I am interested in gaze-shifting lately...looking for the alternate view. I remember reading a book by Tom Brown Jr. when I was rather young, a certain passage has always stuck with me. I can't quote it, but the gist was about authentic "seeing". In our "label" frenzied world we are fascinated with words, as if words hold a certain power and once something is labeled, it is known. We label things (car, door, pencil, rock, shell, tree, leaf, flower, sand, etc.) and the moment we have labeled it, we stop "seeing" it. We don't look deeply. We label this person, place, thing, feeling or experience with a name or concept and consider it seen and tidily place it in it's appropriate cognitive category. In so doing, we miss the beauty, the mystery, the awe. Tom Brown Jr. was talking about this in terms of sand, how a handful of sand holds a rainbow of color, a history of unimagined proportions, unique and unbelievably beautiful. Few of us stop to consider "sand". We have a name for it, so it is understood, forgotten and unseen. The challenge is to drop the name and see everything as new. Then the world rolls in ecstasy before us, spilling unspeakable beauty, one grain of sand at a time.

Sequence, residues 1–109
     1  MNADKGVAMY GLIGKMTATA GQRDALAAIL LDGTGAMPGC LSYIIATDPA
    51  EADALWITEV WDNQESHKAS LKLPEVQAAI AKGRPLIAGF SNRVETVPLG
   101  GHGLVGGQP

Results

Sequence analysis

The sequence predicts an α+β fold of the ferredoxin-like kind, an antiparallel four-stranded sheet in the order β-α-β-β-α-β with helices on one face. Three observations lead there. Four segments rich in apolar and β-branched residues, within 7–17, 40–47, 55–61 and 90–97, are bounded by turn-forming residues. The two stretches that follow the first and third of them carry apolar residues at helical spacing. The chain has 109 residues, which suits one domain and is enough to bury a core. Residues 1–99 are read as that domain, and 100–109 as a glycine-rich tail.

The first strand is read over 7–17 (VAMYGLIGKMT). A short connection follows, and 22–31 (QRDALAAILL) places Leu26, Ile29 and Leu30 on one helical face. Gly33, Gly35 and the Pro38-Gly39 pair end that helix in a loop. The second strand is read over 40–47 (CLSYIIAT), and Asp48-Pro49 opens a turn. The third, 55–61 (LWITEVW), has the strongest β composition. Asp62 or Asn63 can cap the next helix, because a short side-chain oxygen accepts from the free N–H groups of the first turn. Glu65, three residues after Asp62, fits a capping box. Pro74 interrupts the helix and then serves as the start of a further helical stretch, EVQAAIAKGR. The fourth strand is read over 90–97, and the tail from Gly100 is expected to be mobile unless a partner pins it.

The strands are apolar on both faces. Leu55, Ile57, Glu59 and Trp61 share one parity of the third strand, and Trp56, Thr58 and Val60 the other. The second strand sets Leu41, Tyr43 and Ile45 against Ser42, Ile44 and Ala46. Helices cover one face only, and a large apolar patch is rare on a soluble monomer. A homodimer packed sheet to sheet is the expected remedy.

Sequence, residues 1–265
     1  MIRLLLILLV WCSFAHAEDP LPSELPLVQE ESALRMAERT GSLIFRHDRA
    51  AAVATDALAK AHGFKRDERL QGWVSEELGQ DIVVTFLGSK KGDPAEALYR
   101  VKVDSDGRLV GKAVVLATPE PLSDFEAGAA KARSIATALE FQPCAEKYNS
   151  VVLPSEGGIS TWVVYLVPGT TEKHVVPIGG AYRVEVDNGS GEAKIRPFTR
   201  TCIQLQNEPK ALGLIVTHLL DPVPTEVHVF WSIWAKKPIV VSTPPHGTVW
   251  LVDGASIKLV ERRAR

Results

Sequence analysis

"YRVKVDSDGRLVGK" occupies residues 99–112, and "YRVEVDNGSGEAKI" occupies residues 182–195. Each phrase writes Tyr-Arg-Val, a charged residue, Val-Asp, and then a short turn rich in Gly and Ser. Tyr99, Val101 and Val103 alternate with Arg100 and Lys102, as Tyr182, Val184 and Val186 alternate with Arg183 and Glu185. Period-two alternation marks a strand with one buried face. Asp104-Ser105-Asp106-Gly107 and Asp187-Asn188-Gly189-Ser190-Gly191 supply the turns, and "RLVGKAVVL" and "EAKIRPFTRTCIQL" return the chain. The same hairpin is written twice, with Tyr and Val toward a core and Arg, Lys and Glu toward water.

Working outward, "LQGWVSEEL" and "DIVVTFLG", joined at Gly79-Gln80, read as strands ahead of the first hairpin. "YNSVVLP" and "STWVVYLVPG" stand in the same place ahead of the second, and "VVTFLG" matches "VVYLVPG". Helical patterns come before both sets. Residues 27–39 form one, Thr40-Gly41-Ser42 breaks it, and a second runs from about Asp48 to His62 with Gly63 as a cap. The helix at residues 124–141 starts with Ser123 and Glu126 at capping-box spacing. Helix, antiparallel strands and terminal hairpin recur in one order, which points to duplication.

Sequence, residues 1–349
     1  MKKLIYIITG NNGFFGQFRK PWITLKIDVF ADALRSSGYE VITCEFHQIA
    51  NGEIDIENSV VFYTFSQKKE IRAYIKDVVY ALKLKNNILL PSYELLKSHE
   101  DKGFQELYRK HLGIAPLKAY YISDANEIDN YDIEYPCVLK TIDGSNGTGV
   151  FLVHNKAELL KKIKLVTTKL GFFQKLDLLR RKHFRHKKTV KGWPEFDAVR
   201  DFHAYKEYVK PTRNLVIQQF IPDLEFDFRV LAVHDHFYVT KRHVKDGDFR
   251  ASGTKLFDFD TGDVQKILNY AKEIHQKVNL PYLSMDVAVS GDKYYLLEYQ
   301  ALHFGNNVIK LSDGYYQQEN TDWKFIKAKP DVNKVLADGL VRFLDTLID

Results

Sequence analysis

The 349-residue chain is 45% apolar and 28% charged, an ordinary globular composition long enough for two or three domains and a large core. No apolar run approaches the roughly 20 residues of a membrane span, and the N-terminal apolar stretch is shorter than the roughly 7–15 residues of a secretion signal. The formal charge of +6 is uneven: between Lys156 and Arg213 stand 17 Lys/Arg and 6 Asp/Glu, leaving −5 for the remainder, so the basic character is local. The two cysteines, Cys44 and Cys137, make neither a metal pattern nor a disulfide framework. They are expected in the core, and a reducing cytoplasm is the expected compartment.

Sometimes, I like to challenge myself to look for color or shape, instead of things, when I am out with camera in hand. Here is a taste from my recent Oregon trip:
redorangeyellowgreen (Aaahhhhh! I don't think I ever feasted with such abandon on the verdent hue as I did this past weekend)turquoise